Piano Joins Quartet, Lovely Results
Guest pianist Eli Kalman joins Philomusica Quartet in boffo program.
The Philomusica Quartet, will close their season next Monday evening with a concert featuring major chamber works by Brahms and Dohnányi plus charming miniatures by Bloch and Auerbach. The Philomusica (violinists Jeanyi Kim and Alexander Mandl, violist Nathan Hackett and cellist Adrien Zitoun) will be joined by pianist Eli Kalman, Professor of Piano at the University of Wisconsin-Oshkosh. Kalman played a Cesar Franck Quintet with the Philomusica in the 2013-14 series.
Mandl, an enthusiastic admirer of Kalman’s piano playing, finds that “his love for the instrument is palpable from the start.” To Mandl, Kalman’s “open give and take” fits the style of the Philomusica who work to comprehend and then reflect the intent of the composers they play.
Kalman will join the Quartet for Ernő von Dohnányi‘s Piano Quintet No. 1 in C minor, Op. 1 (1895). This work was the first that Dohnányi felt comfortable assigning a opus number. Strongly influenced by Brahms and Robert Schumann, he won Brahm’s strong approval, who said “I could not have written it better myself.” Entirely classical in form, the melodies and the texture of the work are influenced by Dohnányi’s Hungarian roots. Kalman’s advocacy for Eastern European music will serve the performance well. Kalman finds that “Dohnanyi displays masterful integration of symphonic textures in chamber writing, daring polyphony and in the same direction as Brahms rich rhythmical and melodic ambiguity.” He also notes “a lot of hidden Hungarian language-specific elements in this quintet.”
The concert will pair the Dohnányi Quintet with a quartet by Johannes Brahms. Typically, Brahms limited his published string quartets to two master-works. His String Quartet No. 2 in A minor, Op. 51 No. 2 (1873) offers challenging complexity to the players and satisfying lyricism and drama to the listeners.
Analysis of the Quartet can be consumed by the internal complexities of the piece. Brahms developed a motive from a motto ‘Free, but Lonely,’ attributed to his friend, the violist Joseph Joachim. The German words work out to the note sequence F-A-E. In Guide to Chamber Music critic Melvin Berger chooses the analytical path. He finds the first movement “an outstanding demonstrations of polyphonic writing, replete with canons, inversions, and retrograde motion, in which the melody is, respectively, imitated, turned upside down and played backward.” Brahms often assigns different tempos to pairs of the quartet. The dance movement blends a slower theme with a variation on the minuetto. A fast czardas dance in the final movement is interwoven with a waltz tune by others. Complex canonical measures are passed among players.
But one can just listen to such a work for the recurring themes, the rhythmic effects, the glimpses of canons and the symphonic ambitions of a four-voice quartet. Hungarian folk influences help to lighted the quartet. The energy of dance drives the work as much as the intricacy of composition.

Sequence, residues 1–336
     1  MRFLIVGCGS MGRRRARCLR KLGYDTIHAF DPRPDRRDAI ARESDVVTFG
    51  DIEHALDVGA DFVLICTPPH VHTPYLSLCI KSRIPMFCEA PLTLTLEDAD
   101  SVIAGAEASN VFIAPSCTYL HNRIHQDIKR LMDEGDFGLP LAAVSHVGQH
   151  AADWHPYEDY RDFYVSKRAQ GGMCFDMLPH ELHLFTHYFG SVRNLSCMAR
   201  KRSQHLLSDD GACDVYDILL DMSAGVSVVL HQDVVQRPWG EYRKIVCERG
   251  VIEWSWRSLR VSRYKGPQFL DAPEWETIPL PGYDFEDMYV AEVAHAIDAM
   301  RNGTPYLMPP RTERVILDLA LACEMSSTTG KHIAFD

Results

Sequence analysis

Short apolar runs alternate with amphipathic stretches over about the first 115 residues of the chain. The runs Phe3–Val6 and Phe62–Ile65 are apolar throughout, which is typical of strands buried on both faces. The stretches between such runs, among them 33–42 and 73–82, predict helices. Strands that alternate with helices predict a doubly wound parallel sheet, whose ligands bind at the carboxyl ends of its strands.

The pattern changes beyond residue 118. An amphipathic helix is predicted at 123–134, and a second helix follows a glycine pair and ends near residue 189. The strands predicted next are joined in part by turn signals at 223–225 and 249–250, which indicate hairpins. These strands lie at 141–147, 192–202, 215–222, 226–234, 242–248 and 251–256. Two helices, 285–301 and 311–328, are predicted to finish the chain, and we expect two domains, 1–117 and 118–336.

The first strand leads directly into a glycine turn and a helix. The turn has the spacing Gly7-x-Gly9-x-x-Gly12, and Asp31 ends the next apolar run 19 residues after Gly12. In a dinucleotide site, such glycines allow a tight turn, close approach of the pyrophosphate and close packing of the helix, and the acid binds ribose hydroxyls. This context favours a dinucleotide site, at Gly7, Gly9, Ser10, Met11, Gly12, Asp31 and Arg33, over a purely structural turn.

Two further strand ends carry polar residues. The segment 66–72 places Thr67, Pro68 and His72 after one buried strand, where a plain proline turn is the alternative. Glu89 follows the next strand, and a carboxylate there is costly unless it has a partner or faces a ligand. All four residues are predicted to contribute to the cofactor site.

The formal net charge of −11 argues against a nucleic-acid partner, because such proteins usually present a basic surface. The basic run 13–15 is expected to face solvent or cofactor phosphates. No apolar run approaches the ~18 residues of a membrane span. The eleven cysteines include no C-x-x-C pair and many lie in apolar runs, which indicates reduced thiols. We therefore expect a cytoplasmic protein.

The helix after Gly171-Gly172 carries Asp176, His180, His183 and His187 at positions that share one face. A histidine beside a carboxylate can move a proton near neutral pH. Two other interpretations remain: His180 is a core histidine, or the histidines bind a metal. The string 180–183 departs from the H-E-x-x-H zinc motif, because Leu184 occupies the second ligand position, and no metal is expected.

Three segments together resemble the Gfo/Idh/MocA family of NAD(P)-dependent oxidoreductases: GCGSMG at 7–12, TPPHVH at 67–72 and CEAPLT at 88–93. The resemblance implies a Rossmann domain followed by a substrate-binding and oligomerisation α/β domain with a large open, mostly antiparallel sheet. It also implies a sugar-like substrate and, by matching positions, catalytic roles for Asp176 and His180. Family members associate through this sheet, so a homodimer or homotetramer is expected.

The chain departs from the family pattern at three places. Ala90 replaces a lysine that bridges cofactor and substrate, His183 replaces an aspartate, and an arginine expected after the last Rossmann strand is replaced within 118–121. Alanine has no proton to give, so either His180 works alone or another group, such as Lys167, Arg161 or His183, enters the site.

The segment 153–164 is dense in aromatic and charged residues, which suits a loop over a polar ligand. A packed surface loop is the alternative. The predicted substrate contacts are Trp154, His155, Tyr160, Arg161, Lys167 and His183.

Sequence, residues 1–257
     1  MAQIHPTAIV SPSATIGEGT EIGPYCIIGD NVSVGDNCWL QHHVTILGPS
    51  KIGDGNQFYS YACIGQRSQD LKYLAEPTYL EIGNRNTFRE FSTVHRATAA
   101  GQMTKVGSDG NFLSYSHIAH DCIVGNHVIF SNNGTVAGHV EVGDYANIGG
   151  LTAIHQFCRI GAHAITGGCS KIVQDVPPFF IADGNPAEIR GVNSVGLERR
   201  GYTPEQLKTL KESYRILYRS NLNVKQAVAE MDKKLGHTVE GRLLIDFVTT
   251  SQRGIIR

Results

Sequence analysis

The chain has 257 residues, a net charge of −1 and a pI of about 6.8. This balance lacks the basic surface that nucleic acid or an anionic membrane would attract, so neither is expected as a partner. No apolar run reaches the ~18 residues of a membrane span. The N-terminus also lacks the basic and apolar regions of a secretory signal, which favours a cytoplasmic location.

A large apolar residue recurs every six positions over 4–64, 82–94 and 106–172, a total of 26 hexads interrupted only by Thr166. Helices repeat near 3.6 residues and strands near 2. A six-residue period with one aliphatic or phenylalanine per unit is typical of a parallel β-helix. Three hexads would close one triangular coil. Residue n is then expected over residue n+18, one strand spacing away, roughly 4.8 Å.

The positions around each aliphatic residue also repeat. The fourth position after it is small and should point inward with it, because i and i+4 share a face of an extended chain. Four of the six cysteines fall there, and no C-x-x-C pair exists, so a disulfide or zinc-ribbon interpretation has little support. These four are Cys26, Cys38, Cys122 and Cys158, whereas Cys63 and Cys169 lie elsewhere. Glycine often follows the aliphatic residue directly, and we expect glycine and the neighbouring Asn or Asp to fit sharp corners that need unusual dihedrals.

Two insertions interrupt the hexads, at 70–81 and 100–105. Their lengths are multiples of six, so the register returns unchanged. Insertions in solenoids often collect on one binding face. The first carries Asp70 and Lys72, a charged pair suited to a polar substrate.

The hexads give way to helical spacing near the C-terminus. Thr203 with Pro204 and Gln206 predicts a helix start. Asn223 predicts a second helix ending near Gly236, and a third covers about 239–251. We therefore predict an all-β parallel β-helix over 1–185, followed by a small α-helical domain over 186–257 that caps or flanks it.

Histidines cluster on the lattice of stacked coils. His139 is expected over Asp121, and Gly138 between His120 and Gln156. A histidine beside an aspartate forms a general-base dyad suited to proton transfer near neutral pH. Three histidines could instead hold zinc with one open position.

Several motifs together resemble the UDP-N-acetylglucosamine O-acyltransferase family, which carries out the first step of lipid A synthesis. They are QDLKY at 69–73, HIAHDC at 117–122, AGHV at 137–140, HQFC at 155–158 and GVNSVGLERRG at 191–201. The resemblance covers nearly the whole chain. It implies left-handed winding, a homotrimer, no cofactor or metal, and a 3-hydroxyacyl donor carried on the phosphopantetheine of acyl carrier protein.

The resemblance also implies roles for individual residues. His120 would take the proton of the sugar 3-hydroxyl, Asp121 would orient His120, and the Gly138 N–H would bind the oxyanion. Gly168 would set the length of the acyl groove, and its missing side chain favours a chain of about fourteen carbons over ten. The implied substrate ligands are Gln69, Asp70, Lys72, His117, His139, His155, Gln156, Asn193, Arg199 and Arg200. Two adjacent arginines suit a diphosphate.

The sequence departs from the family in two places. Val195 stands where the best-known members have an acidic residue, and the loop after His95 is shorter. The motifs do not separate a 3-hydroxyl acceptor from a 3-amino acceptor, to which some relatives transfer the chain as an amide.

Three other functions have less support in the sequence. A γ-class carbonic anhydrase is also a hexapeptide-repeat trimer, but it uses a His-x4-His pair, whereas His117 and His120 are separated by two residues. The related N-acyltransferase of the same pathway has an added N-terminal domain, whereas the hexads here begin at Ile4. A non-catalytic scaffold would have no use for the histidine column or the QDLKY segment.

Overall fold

The Quartet will play three miniatures by Swiss-American composer Ernest Bloch, known collectively as Paysages (Landscapes)(1923). The landscapes — North, Alpestre, and Tongataboo — paint effective impressionist portraits. North quietly recalls the bleakness and desolation of the Arctic Swiss folk themes appear in warm Alpine images. Tongataboo incorporates bewitching rhythms suggesting a lively Pacific Island dance.
In his first appearance with the Philomusica in 2013, Kalman introduced most of us to contemporary Russian-American musician, Lera Auerbach. Her Images from Childhood produces vivid images in efficient miniature forms. This concert, Kalman will select from 24 Preludes for Piano, Op. 41 (1998). A bit more abstract, the Preludes nonetheless sparkle with inventive phrasing, even though most are less than two minutes in length. Kalman, who has recorded a CD of these works, writes that the set “presents an epic journey with no emotional stone left unturned. At this dimension, the preludes come together as one large narrative with colorful diversity, covering the entire gamut of human feelings. Throughout this massive work she employs distinctive motives, some of which combine in the last prelude to unify the whole.”
Auerbach, a modern renaissance composer working in New York, is also known for her art, poetry, sculpture and piano concerts. Kalman writes that “she is undoubtedly the ultimate born-artist in body and soul. She bridges between her cultural past and the present with a graceful Russian story-telling voice, offering musical ideas of considerable intensity.”
Despite an apparent diversity in the programming for this concert, the links between the works will contribute to a satisfying, well-integrated evening.
Monday’s May 8 concert begins at 7:30 p.m. at Wisconsin Lutheran College’s Schwann Concert Hall – located at 8815 W. Wisconsin Ave., Milwaukee. General admission tickets ($25) may be purchased at the door or in advance through the Wisconsin Lutheran College box office web site or at 414-443-8802. Student tickets are available for $12. A new three-story parking garage just east of Schwann Concert Hall offers free parking.